Montgomery Blair

Montgomery Blair

Montgomery Blair was born in Franklin County, Kentucky, in 1813. He graduated from West Point in 1835 and later saw action in the Seminole War. After leaving the army Blair studied law at Transylvania University before moving to St. Louis. A successful lawyer he was elected mayor of the city (1842-43) before moving to Washington.

An opponent of slavery Blair joined the Republican Party and in 1861 Abraham Lincoln appointed him as his Postmaster General. Blair was the only Cabinet member who urged Lincoln to reinforce Fort Sumter.

Blair was an efficient Postmaster General and was responsible for establishing military post offices, appointing stamp agents for the armies, secured passage of a bill abolishing postmasters' franking privileges, and improved the international mail system.

As the war progressed Blair became increasingly identified with the conservatives in Lincoln's government. He upset the more progressive members of the Republican Party when he made a speech calling for the separation of the races after the war. Radical Republications urged Lincoln to sack Blair but Lincoln stayed loyal to his Postmaster General.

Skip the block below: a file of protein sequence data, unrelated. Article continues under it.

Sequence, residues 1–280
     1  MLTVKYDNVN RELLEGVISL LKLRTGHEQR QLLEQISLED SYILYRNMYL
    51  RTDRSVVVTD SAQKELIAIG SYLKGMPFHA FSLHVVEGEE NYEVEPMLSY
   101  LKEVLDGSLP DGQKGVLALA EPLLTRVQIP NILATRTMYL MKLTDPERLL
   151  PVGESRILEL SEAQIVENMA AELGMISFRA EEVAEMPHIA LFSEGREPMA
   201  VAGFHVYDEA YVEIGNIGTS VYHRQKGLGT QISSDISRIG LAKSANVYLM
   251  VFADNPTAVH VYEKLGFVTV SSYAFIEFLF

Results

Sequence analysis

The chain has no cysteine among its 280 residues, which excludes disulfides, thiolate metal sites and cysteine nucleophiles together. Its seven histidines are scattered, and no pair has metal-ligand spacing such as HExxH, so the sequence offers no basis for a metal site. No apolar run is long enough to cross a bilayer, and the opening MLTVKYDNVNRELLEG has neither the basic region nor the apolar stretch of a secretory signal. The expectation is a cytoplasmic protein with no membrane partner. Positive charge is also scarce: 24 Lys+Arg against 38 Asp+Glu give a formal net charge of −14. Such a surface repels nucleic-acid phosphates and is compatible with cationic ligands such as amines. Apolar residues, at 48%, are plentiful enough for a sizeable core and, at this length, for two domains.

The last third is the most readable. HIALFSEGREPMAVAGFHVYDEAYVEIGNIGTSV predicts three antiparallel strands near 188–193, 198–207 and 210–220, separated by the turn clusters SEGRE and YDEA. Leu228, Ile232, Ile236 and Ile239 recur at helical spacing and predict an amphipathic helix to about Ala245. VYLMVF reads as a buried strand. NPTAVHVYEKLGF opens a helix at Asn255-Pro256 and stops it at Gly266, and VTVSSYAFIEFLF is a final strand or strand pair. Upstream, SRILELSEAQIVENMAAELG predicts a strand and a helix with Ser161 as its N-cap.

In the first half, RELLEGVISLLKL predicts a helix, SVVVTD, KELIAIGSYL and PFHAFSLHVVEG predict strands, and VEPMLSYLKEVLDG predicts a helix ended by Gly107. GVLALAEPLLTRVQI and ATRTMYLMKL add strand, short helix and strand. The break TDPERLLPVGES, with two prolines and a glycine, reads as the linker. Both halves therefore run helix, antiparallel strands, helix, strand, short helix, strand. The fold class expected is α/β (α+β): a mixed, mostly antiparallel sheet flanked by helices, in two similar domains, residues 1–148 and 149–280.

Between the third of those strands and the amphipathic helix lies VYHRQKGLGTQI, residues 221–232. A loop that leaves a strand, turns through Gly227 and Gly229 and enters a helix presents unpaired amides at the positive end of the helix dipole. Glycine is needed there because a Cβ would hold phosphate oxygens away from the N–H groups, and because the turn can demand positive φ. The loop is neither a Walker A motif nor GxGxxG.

In May, 1860 a convention of Radical Republications selected John Fremont as their candidate for president. Fremont accepted the nomination and told the audience: "Today we have in this country the abuses of a military dictation without its unity of action and vigor of execution." The idea of a radical candidate standing in the election worried Abraham Lincoln and negotiations began to persuade him to change his mind. Fremont's price was the removal of Blair from the Cabinet. On 22nd September, 1864, Fremont withdrew from the contest. The following day, Lincoln sacked Blair and replaced him with the radical, William Dennison.

Blair expected Abraham Lincoln to appoint him to the Supreme Court but was disappointed when Abraham Lincoln selected his old rival, Salmon P. Chase, instead. After the American Civil War, Blair supported the conservative policies of President Andrew Johnson and eventually joined the Democratic Party. Montgomery Blair died in 1883.